Pah! Millennials have nothing on Oldies when it comes to social media

From conferences to books and a plethora of blog posts, we are obsessed with targeting Millennials – especially through social media. But there is a hidden gem on social media. A demographic that at best is being ignored and at worst stereotyped.

 “Wake up to the social savvy seniors, or risk missing out on your most lucrative market”

They say 50 is the new 40. A new ‘Oldie’ that cannot be pigeon-holed as the ‘cotton heads’ at a Darby and Joan dance. But an active, adventurous, time-rich and spending audience. Britain’s 50+ audience holds almost 70% of the household wealth and account for 22 million individuals. They don’t just hold the wealth, they spend it too. According to Saga they account for 47% of UKs consumer spending (an incredible £320 billion a year).

Put aside prejudices. The new older generation are not quite the Grannies and Grandads we imagine. Instead think national icons. After all this generation is the last of the baby boomers and the first tranche of Generation X. The rebels. After all those over 50 include some of the very people that built the internet: Tim Berners-Lee, Bill Gates and of course the late Steve Jobs. But it isn’t just the geeks. Adam Sandler, Janet Jackson, Alan Davies, Heston Blumenthal, Halle Berry and Kiefer Sutherland all turn 50 this year. This generation has influence (and controls 89% of the disposable wealth in the UK)

Tech savvy oldies

It is a terrible preconception that oldies are not tech literate. Only 2% of the 50+ hate using tech and 78% actively enjoy it (65% own three or more devices). But they are social too. According to, 92% of over-50s use Facebook. Actively too. 81% say they check out Facebook more than once a day.

And according to Global Web Index, 50% of 50+ visited a brand website and 17% a brand Facebook page. Ok, so they are not so hot on Twitter (GWI suggests around 26% have an account; or even too enamoured with YouTube (32%), but surprisingly 20% use WhatsApp. Who knew!

When you consider that 85% purchased a product online in the last month; well you get the point.

Emojis, college humour and link bait: I don’t think so

Enough with the demographics. We know this is not how social works. What matters is RELEVANCY. The trouble is that most social content is firmly aimed at the young. Or worst still is delivered as a special offer for the pensioners (think insurance for oldies) often in the most patronising of ways. Reaching them in social means:

  1. Stop lumping seniors together

Those over 50 are an incredibly diverse bunch. They cross two generations and many have matured through a digital age.  But they are not the same. Passions and interests vary greatly. Some are empty-nesters, some are household spenders with boomerang kids, and others  (66%) are spending the kids inheritance (SKIERS) – usually on luxury goods and high end items.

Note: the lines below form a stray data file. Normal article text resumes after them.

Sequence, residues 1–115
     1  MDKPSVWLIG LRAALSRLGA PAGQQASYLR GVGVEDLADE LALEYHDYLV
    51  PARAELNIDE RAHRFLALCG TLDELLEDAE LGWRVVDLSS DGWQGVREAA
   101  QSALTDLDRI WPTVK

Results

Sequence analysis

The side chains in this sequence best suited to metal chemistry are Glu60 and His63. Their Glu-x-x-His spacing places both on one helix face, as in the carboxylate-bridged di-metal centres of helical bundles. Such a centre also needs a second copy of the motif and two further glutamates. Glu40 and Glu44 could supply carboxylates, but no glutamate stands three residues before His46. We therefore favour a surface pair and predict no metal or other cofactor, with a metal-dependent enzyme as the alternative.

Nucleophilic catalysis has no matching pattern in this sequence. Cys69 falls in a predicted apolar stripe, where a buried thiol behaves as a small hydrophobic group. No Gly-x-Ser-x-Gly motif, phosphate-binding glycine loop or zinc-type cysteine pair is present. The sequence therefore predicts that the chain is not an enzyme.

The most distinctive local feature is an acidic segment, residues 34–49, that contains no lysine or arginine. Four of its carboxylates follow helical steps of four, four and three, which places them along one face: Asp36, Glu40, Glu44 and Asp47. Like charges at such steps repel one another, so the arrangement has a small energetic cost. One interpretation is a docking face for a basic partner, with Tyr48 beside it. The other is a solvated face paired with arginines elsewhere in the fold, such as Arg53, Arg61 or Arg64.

So like any other target market you need to look at interests, passions, influences and behaviours and segment accordingly

  1. Stop thinking like a 25-35 yo marketer

And start thinking like a marketer. Not every image you use of people needs to be only of the young. Not everything has to centre on young trends. According to High50 only 4 per cent of people in the over 50 age group feel advertising is aimed at them. And when it is, they feel stereotyped, patronised and made to feel old. Social media presents an opportunity to step away from this type of marketing to the older consumer. It’s a chance to connect with an affluent group and make an impact. After all, where else can you segment behaviours in the finest of details, except in social media?

Social is bursting with content. But that most enjoyed by the 50 plus generation tends to be of a more discerning nature. Good copy is preferred over emojis and slang. Instead clever, thoughtful smart content beats link baiting (without being stuffy and boring). Think hard about your content – over-50s have a taste for good things.

  1. They buy – so target them

Older folk are no more brand loyal than younger generations (yet another fallacy). The internet and mobile has seen an end to the ‘brand for life’ idea. But they do spend

  • 68% of cosmetic purchases are made by UK women over 50
  • They account for 70% of the luxury travel market spend
  • 35% of shoppers over 55 regularly shop for clothes online and a further 34% do so occasionally

In fact, in almost every sector, over-50s are spending. They are researching online and asking friends on Facebook. This gives social media professionals unique targeting insight. A chance to both encourage peer sharing and wave at them with brand messaging, just as they’re considering a purchase. An opportunity to be relevant.

One last point to make. Someone turns 50 every 40 seconds in the UK. By 2020 more than 50% of the UKs population will be over 50. If you are not connecting with them on Facebook, what are you be missing?

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